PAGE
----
Investigation into Dylan Noble's death may lead to charges against officers

FRESNO, Calif. (KFSN) -- Chief Jerry Dyer put out a statement Tuesday saying that contrary to our report on Monday, the internal affairs investigation is complete and resulted in no criminal charges.
RELATED: Fresno police dispute second investigation into Dylan Noble's death

But court documents show a Fresno police lieutenant saying the opposite.

Two Fresno police officers shot Dylan Noble in June 2016 after he appeared to ignore commands when they pulled him over. Video from the shooting scene made national news and Noble's death led to lawsuits from both of his parents against the police department and the city.

Now, there is a fight over what evidence the police have to hand over to Noble's family. Attorneys for the city demanded a gag order.

Attorneys for Noble's family refused to sign.

"The city likes what it's done in the past: spinning a story that it likes and then trying to force any competing voice to be quiet and we're not going to sit still for that," said Stuart Chandler, the attorney representing Veronica Nelson, Noble's mother.

As part of its argument against releasing information, the city submitted a statement from an internal affairs lieutenant.

It says in black and white there are still two active investigations into the death of Dylan Noble by the FBI and the internal affairs department -- both of which could result in criminal charges against the officers who shot him.

Underlined in the statement, it says the internal affairs investigation is ongoing and could result in the district attorney's office re-opening its criminal case.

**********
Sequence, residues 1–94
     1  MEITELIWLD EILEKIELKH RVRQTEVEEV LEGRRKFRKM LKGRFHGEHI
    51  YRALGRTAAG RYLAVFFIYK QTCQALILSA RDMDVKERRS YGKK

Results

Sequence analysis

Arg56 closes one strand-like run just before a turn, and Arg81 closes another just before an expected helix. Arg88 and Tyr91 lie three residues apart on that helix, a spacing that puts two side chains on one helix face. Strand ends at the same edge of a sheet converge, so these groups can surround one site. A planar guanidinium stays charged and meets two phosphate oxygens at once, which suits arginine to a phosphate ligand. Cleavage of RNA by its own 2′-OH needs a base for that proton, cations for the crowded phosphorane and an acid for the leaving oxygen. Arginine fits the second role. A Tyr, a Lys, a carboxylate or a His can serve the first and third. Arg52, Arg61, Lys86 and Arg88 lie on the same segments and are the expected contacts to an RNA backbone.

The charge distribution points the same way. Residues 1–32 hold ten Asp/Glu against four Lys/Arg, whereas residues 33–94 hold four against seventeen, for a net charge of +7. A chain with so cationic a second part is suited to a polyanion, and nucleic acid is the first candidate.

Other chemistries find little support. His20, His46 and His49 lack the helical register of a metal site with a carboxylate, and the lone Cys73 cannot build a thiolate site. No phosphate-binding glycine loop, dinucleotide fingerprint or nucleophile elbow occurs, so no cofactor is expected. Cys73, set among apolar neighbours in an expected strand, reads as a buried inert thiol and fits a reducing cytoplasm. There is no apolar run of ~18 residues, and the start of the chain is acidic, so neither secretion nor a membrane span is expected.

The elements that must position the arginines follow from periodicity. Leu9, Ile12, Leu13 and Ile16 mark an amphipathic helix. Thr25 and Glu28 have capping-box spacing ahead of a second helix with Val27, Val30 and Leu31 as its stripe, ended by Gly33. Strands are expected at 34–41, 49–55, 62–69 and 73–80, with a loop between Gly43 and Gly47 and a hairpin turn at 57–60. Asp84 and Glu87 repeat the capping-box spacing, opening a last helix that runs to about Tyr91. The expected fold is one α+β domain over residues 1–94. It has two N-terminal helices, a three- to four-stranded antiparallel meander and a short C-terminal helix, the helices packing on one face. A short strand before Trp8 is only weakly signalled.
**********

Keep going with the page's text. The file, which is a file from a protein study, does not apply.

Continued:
"During this IA investigation, if additional information is discovered, it may be referred to the DA," the underlined portion of the statement reads. "The DA may re-open its criminal investigation and could thereafter pursue criminal charges against any of the involved officers."

When the department was asked about the declaration in October and the city eventually rejected a public records request.

We asked again and reported on the open investigations Monday when a federal judge mentioned the statement as part of a ruling ordering the city to turn over some evidence without a gag order -- including body camera video, autopsy reports, and interviews with witnesses.

On Tuesday, the department released a statement saying its criminal investigation is done.

Chief Jerry Dyer told us the contradictory court document from internal affairs boils down to strategies attorneys are using.

He said only very surprising new evidence could lead to reopening the criminal investigation.

And, as he did in the statement, he accused attorneys for Noble's parents of trying the case in the media.

"All we're trying to do really is try to set the record straight, if you will, Chandler said in response. "And I don't want to sensationalize anything. But what I do think is policing can't be top secret. That's what's happened in this case."

The police statement says they agree with the judge's ruling requiring a gag order for the release of some documents, like officer personnel records and personal observations.

But Chandler and Warren Paboojian, who represents Noble's father, both expect to get a lot of evidence without any protective order and they expect to get it within six weeks.
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